If he had ever imagined coming back here – and it seemed to him now he had, without knowing it -he had not imagined standing like this, wordless. He had thought that of all the mixed-up, many-sided things in the world, his dislike of his father was one complete and pure emotion and that that alone could send words enough swarming to his mouth. Yet his father stood before him like a small, battered bird, the buttonless shirt folded gently over his thin chest and the worn leather slippers searching out the floorboards hesitantly when he walked. He was making his way to the rocker. All the time that Simon had sat there, the old man must have been watching shyly and eagerly, waiting for his chance to reclaim it. (It had always been his property alone, forbidden to the children. On Bible Class nights, when both parents were gone, James would sit in that chair and rock fiercely, and the other children stood around him with wide scared eyes.) Now James's father sat down almost gratefully, feeling behind him first to make sure it was there and then slowly lowering himself into it. When he rocked, the chair complained; it had grown old and sullen with time.

'Yes, the dog died,' he said. He surveyed his three children out of eyes the same startling blue as Ansel's, and he smiled a little, 'She died.'

'I'm sorry to hear that,' said James.

'It happens.'

'She had cancer,' Claude said.

'Can dogs get cancer?'

'Get everything people get,' said his father, rocking steadily. 'The vet told us so, at the time.'

'I never heard that.'

There was a silence. Clara sat forward suddenly, throwing her arms around her knees in that swooping way she had and craning her neck up, and everyone looked at her as if they expected her to say something but she didn't. She just smiled at them, with her lips tightly closed.

'You've got your hair a different way,' James told her. Clara went on smiling at him and nodded.

'Yes, I do,' she said.

'Every thought of every curl is another stroke for the devil,' said her father. 'Have you ever thought of that? But Clara here don't care; she likes short hair.'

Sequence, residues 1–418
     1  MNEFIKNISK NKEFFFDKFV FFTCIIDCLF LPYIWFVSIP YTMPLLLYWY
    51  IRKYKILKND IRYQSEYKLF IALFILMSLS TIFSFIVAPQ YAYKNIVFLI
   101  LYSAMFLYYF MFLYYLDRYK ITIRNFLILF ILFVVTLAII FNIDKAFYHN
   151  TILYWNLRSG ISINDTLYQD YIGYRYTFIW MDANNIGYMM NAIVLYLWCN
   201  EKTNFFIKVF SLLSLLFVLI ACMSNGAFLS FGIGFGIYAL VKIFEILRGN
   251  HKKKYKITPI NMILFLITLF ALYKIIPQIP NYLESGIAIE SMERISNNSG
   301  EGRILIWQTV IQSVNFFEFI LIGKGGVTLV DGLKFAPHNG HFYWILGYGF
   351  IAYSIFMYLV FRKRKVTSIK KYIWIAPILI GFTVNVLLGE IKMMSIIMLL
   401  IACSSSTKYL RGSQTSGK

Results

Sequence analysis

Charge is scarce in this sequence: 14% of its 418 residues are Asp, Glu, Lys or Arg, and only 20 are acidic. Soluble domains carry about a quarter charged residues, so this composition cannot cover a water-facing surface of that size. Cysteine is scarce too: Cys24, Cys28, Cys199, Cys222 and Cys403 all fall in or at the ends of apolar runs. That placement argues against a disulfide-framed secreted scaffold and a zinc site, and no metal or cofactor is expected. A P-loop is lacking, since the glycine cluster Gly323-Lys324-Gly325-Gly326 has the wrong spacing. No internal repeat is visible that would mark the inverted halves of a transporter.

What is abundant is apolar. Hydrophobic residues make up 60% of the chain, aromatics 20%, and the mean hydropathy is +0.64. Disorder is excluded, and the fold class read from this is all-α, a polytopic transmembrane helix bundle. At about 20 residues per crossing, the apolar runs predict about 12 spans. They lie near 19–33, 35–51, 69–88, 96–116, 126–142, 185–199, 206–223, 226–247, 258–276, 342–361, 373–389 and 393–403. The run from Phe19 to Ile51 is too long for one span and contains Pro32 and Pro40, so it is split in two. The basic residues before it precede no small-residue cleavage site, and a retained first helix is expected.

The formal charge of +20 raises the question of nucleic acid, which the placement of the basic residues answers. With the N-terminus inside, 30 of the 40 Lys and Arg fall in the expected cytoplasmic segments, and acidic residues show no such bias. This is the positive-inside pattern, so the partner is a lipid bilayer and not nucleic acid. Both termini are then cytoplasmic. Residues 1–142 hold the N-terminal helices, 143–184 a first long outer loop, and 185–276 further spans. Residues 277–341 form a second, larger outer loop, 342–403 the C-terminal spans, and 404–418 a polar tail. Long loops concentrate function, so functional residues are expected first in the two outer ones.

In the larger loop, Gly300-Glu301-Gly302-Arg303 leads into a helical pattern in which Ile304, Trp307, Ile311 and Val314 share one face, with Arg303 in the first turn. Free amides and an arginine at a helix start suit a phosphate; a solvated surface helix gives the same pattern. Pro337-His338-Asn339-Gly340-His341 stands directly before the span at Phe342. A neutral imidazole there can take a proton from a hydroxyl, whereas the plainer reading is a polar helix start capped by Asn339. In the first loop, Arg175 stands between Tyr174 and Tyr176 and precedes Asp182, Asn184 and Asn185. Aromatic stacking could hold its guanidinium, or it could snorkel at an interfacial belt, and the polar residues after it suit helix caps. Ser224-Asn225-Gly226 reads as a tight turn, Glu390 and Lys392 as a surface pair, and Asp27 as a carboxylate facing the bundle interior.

'Yes, I do,' Clara said again. The tone of her voice was indifferent, and she included her father in her smile. No one seemed to be as James remembered.

Out in the dining room, Mrs Pike said, 'Yes? Miss Lucy, I'm glad you're there. I was hoping you would hear the phone and -'

'You're back,' James's father said.

The others looked at him.

'You're back in this house.'

'Yes,' James said. 'Just for -' He stopped.

'Just for a while,' his father said. 'Just for the boy.'


'Ah, well.'

Mrs Pike was talking loudly, apparently trying to break in on something Miss Lucy was saying. 'Yes, I know,' she said. 'I know-Miss Lucy, will you try and find Roy? First go and shout for him. Yes, I'm feeling fine, thank you. Then if he's too far away I'll leave a message. But I'd like to have Simon tell him -'

"The phone is a precarious instrument,' said James's father.

'Hush, now,' Clara told him. 'There's not a machine in this world you don't say that about.'

'A wavery thing,' said the old man, overriding her. 'On a thin line between what's real and what isn't. Is that person really sitting next to you, the way he sounds? When I called you at your neighbours, three Christmases ago -'

'Sir?' said James.

'When Clara called three Christmases ago, and Ansel wouldn't talk to her but stayed in the other room, I happened to be passing near enough to hear what was going on at the other end. Heard Ansel shouting how he wouldn't come. And it seemed to me his voice was trembly-like, unsteady. Is his sickness worse?'

'No,' James said. 'He's just a little weak sometimes.'

'It's the forces from inside that weaken.'

'He's all right,' James told him.

Simon was on the telephone now. He was talking to Miss Lucy. 'Yes, ma'am,' he said. 'Then I got on the bus. I figured out the schedule in the drugstore.' James's father rocked sharply forward and slapped both slippers on the floor.